Annette Funicello 1942 – 2013

Sadly, we have another passing to report. Eternal teen Annette Funicello passed away this morning at age 70, after a long struggle with multiple sclerosis. She and Timothy both appeared in Bikini Beach (1964), Beach Blanket Bingo (1965), and Head (1968), never sharing a scene together, unfortunately. Here is a little something I’ve posted before but bears repeating today. It’s a promotional radio interview by Dick Strout for Head that features both Timothy and Annette in separate interviews.

Annette will always be the queen of that never-ending beach party in the sky. Rest well, and thanks.

Pic of the Day: “Head” revisited

Today we’re revisiting Head (1968), directed by Bob Rafelson, written by Rafelson, Jack Nicholson, and The Monkees, and starring the Pre-Fab Four themselves. Timothy is in full froth during the inexplicable “Atta boy Mike” scene.

Head

“You really can’t describe the picture,” Tim told Dick Strout for The Hollywood Report (listen here!). “I read the script and actually it’s the most bizarre film story I ever read before. Each page is another movie. It’s quite unique. I’ve never really been involved – I’ve worked in films before but never any quite as unique as this one. It’s a very hard film to describe… In this picture I played about four different characters. And I didn’t know what I was doing most of the time.”

“Video” of the Week: “Head” interview

This week’s video is another that is not really a video at all. It’s the audio of a radio interview Timothy did to promote The Monkees‘ film Head (1968), conducted by Dick Strout for The Hollywood Report. Annette Funicello can be heard here as well.

It’s a rare treat to hear Tim just casually conversing like this. I am eternally grateful to Mike White of The Projection Booth for bringing this to my attention. Tim’s portion of the interview can be heard in TPB’s podcast all about Head which I encourage you to listen to immediately. Atta boy, Mike!

“Nobody walks out on me! Not even myself!”

Quote of the Week

“You really can’t describe the picture. I read the script and actually it’s the most bizarre film story I ever read before. Each page is another movie. It’s quite unique. I’ve never really been involved, I’ve worked in films before but never any quite as unique as this one. It’s a very hard film to describe. People say, ‘Well go ahead and see the film, you’ll find out.’ This is usually a promotional stunt or something. But in this picture I played about four different characters. And I didn’t know what I was doing most of the time. These Monkees, you know, to be honest, they’re not the most disciplined actors. I remember Davy had to get a hair cut right in the middle of the scene. (laughs) And three of the other actors, they had to walk someplace on top of the roofs to get inspired, they’d lost the feel of it. They just walked off and they came back about an hour later, much to the dismay of the assistant director who couldn’t quite grasp it. They had to replace four assistant directors; they broke down, they just couldn’t take anymore because of the Monkees’ antics and carrying on. I mean it was just impossible sometimes, but of course this is the Monkees and this is what makes their talent so unique and so great. It was strictly a picture for the Monkees. I’m sure their fans all over the world will really love this show, you know, because it’s so outstanding. It makes Tiny Tim look like a Sunday school teacher.”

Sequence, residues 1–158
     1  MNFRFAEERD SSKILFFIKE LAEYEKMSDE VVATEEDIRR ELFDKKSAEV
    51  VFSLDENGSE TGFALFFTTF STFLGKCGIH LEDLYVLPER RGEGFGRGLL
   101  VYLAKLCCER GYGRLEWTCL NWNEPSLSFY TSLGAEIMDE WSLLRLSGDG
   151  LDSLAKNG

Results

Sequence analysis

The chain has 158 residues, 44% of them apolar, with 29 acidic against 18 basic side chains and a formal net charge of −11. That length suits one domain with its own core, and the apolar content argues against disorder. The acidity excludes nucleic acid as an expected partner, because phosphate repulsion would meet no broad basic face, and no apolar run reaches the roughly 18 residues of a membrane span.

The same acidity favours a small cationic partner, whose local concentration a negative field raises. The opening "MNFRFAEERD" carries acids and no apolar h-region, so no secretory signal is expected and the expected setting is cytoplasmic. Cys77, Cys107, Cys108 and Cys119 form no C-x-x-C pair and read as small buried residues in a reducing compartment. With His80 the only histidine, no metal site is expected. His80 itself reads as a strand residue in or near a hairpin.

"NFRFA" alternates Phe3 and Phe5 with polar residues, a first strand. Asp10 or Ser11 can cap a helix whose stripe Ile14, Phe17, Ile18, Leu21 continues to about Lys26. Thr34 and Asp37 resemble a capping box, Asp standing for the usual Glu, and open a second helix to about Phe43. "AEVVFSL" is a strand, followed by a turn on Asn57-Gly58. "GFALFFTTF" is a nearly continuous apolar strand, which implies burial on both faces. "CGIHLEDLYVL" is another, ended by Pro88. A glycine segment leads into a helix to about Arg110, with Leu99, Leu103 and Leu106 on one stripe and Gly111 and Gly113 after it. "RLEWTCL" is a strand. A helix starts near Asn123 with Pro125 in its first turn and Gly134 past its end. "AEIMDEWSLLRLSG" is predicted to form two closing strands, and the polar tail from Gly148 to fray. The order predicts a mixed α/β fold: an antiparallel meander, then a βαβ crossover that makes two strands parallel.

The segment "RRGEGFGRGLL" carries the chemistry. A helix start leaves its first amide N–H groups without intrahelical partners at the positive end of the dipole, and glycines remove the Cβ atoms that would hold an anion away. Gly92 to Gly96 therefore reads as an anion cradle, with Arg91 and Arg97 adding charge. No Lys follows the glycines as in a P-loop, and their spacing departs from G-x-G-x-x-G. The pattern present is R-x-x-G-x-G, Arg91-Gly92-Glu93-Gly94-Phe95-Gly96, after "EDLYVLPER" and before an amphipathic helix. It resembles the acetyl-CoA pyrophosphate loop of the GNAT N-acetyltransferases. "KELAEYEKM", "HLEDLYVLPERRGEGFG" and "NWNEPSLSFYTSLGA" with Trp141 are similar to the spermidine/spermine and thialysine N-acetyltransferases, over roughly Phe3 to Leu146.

– Promotional radio interview for Head with Dick Strout for The Hollywood Report, 1968

Quote of the Week

These two fellas wrote an article about me, David Newman and Robert Benton. These are the fellas that wrote the exciting picture Bonnie and Clyde. Much to my surprise, my brother called me up from New York back in 1965 and said, ‘Tim, you’re in Esquire.’ I said, ‘You’re kidding, what do they want me in Esquire for?’ Anyway, there’s a picture of John Wayne and a picture of myself, and the caption above it was ‘The Old Sentimentality vs. the New Sentimentality.’ Under John Wayne’s picture they had ‘Old Sentimentality’ and under mine they had ‘New Sentimentality.’ And they said ‘It happens that an actor,’ and they said a bit actor too, which I didn’t like. Anyway, they said that ‘Tim Carey is our new underground celebrity.’ They said I was dirty, now, they said I was uncouth. (laughs)

– Promotional radio interview for Head with Dick Strout for the “Hollywood Report,” 1968 (pic from the Psychotronic interview)

Quote of the Week

Most of my roles, I’ve tried to make them diversified. In trying to make them diversified, I didn’t get along with certain directors. Unfortunately I hold the all time record, I’m not proud of it but it’s a fact. I was asked to leave the set five times in a row. I guess I didn’t read that book How to Make Friends and Influence People [sic]. But it was a lot of fun. I’m the scourge of Hollywood. I remember an agent said to me, and it’s the truth, when he mentioned my name to some casting director, the casting director just fell across the director’s lap and fainted, he was so shocked by the fact that he mentioned Timothy Carey, you know. But I’ve been getting along with people now.  I’ve been, you know, just sitting in my dressing room getting ready for the scene. As I told one of the assistant directors on my last picture, he gave me a very small dressing room, and I said, “You don’t know my history as an actor, do you?” And right away I got a better dressing room.

– Promotional radio interview for Head with Dick Strout for The Hollywood Report, 1968

Head